It really never should have happened, but it did. A small mistake was made at the national Boys and Girls Missionary Challenge (BGMC) office . . . a small mistake that was nothing short of providential.
When Cortney Ostrander, children’s pastor of New Hope Assembly of God in Urbandale, Iowa, contacted the national BGMC office asking for projects for Iowa for her kids church to consider raising funds for, she was accidentally sent project pages for Indiana and Idaho.
“I emailed them back, and we joked about them being similar, but not the same,” Ostrander says, “and then they sent me all the Iowa projects.”
But when Ostrander, who has been leading New Hope’s children’s program for the past 12 years, received the Iowa BGMC projects, she discovered the church had already participated in many of them. She was looking for a different and “big” project to challenge the 250 K-5 kids who attend New Hope.
Out of curiosity, Ostrander looked at the projects mistakenly sent to her — one of them caught her eye.
Darrell and Sandy Blatchley have been missionaries to the Philippines for the past 24 years. In March 2019, their ministry tent was destroyed during a typhoon, so they decided to build a permanent structure. BGMC originally sent money to help them launch the project, but more funds were needed.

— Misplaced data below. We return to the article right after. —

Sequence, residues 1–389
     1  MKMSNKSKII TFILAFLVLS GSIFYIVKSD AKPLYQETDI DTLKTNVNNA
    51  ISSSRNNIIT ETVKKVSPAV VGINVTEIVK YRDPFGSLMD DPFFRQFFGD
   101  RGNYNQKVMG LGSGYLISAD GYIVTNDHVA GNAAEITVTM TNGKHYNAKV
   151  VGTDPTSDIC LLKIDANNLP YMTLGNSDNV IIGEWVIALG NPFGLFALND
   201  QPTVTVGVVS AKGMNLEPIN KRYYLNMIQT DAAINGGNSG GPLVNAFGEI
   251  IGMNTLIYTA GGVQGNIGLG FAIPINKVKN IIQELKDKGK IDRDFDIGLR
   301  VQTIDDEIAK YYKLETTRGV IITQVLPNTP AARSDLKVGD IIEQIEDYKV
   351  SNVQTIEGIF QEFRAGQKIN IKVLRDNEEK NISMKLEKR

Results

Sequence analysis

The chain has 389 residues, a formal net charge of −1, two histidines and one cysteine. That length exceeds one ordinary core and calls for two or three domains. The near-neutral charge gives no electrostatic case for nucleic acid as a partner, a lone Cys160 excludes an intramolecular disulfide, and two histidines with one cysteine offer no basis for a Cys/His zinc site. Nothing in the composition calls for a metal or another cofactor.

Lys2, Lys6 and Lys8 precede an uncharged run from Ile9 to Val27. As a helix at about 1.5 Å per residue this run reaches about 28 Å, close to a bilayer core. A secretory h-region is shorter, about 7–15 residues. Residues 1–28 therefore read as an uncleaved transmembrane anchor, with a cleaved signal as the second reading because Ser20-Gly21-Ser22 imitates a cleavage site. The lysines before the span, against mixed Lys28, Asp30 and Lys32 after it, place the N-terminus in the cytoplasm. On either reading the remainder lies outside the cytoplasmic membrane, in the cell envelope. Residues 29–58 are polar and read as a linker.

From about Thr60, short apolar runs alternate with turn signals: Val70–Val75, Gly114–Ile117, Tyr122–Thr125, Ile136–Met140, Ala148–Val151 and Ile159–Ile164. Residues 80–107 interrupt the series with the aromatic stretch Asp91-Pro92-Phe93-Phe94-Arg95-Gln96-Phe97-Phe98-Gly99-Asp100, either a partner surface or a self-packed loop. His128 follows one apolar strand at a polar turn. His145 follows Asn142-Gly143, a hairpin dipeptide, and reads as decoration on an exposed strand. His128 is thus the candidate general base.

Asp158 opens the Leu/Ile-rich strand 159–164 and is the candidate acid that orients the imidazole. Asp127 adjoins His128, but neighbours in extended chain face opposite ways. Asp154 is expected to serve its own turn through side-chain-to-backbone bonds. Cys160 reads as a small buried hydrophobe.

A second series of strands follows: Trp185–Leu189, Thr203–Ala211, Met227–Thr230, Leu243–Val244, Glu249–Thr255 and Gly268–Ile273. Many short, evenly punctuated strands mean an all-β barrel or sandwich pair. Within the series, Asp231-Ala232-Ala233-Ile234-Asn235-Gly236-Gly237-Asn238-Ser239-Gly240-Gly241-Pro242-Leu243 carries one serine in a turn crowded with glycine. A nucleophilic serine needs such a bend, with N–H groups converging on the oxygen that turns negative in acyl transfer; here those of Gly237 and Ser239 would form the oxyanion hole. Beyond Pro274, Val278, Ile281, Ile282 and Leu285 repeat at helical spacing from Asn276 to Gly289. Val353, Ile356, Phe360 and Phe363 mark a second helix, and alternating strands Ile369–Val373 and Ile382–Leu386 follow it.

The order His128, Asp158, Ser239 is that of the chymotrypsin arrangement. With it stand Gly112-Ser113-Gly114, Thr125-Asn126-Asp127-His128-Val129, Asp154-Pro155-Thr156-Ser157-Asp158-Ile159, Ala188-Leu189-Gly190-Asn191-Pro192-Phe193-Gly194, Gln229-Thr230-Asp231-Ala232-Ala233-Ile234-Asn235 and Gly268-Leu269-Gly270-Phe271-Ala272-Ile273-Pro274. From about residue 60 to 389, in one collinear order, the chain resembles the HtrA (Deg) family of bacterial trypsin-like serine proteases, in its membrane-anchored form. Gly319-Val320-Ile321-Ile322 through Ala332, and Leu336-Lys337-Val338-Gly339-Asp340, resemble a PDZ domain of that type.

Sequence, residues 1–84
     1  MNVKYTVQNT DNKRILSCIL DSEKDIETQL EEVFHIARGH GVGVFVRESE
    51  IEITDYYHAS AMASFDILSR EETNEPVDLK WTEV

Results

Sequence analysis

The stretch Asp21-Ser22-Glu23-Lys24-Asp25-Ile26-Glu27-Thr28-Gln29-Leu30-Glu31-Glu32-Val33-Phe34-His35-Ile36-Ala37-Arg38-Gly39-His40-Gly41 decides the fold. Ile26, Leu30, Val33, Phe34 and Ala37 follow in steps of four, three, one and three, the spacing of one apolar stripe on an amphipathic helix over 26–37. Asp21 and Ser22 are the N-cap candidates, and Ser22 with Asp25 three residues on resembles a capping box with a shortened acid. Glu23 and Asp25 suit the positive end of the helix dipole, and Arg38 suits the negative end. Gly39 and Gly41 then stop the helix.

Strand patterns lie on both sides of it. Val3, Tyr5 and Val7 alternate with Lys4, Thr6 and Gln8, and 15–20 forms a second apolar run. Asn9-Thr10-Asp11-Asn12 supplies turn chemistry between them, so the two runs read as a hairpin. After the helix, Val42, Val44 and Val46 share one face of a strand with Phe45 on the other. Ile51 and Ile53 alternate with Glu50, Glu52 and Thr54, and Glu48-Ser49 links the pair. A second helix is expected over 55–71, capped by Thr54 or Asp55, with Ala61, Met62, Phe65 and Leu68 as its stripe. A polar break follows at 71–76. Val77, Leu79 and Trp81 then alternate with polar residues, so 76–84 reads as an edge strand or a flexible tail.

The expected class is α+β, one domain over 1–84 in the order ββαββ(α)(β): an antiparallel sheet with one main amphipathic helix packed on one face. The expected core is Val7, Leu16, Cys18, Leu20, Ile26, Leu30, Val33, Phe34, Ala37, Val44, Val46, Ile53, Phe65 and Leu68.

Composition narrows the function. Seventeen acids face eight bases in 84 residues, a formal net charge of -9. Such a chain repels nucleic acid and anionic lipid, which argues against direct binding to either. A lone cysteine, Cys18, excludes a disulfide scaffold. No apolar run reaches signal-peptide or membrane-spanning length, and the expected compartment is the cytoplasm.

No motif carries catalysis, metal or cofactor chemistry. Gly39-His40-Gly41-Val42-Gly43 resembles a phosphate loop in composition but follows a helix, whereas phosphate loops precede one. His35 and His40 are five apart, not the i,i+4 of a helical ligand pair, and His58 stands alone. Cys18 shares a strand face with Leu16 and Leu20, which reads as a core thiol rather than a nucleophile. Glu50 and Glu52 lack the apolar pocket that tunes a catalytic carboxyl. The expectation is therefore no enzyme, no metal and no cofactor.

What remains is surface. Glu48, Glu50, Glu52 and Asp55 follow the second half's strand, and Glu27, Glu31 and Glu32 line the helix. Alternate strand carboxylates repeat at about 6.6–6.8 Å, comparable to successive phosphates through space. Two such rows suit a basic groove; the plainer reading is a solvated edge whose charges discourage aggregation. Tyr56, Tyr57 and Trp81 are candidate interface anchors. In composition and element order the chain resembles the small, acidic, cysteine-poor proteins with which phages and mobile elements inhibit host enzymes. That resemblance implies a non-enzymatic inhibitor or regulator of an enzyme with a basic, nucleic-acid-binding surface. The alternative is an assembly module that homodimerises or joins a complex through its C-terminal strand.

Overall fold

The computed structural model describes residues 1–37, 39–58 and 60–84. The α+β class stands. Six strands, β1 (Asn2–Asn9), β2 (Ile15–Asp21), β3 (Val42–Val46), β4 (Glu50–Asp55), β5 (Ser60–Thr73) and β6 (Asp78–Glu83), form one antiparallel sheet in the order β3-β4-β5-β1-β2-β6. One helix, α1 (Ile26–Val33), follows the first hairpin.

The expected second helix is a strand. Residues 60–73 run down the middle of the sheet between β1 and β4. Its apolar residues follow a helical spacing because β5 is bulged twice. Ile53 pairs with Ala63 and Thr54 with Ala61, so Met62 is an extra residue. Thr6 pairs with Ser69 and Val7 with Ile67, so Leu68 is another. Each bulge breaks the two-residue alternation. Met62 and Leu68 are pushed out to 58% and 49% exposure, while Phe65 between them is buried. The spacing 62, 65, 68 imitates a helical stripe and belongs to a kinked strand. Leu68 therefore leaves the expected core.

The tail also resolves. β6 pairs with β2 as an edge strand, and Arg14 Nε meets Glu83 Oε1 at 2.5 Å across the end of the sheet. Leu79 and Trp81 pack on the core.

“I saw the roof project and it immediately resonated in my heart,” Ostrander says, “so I asked pastor [James] Weaver if it would be okay to contact them [the Blatchleys] about this, and he was all for it.”
Ostrander messaged Darrell Blatchley immediately, and despite the 14-hour time difference, within five minutes he had messaged back. They had the beams in place for the roof, but it would take $17,000 to finish it. When Ostrander informed Weaver, who consulted with the church’s missions board, he said to let Darrell know the church would cover the cost.
“We try to match or double any BGMC or Speed the Light giving as it encourages our kids,” explains Weaver, who founded the church in 1990. “Missionaries have monthly support, but it’s typically not enough to effectively do all the things they’re called to do — that’s why we’re pretty passionate about BGMC and Speed the Light.”
“When pastor Weaver told me that I could tell the Blatchleys that we would cover the cost of the whole roof, it was one of the highlights of my life,” Ostrander says, the excitement of the moment still evident in her voice. “He was so thankful, so appreciative!”
BGMC was able to fast-track the money to the Blatchleys who finished the roof in about a month’s time — and a day before a tropical storm hit the southern Philippines. People from all around the area gathered under the protection of the new, solidly built roof, even though the building did not have walls or a floor yet.
Although the Blatchleys’ prayers were answered with the roof, God wasn’t done yet. Ostrander says that the church missions board became aware that the Blatchleys’ new building did not have walls or a floor — they wanted to know how much that would cost to provide.
Darrell calculated the cost — $79,000. When Ostrander told the board how much it would be, the response that ultimately came back was, “Tell him we’re going to give him $80,000.”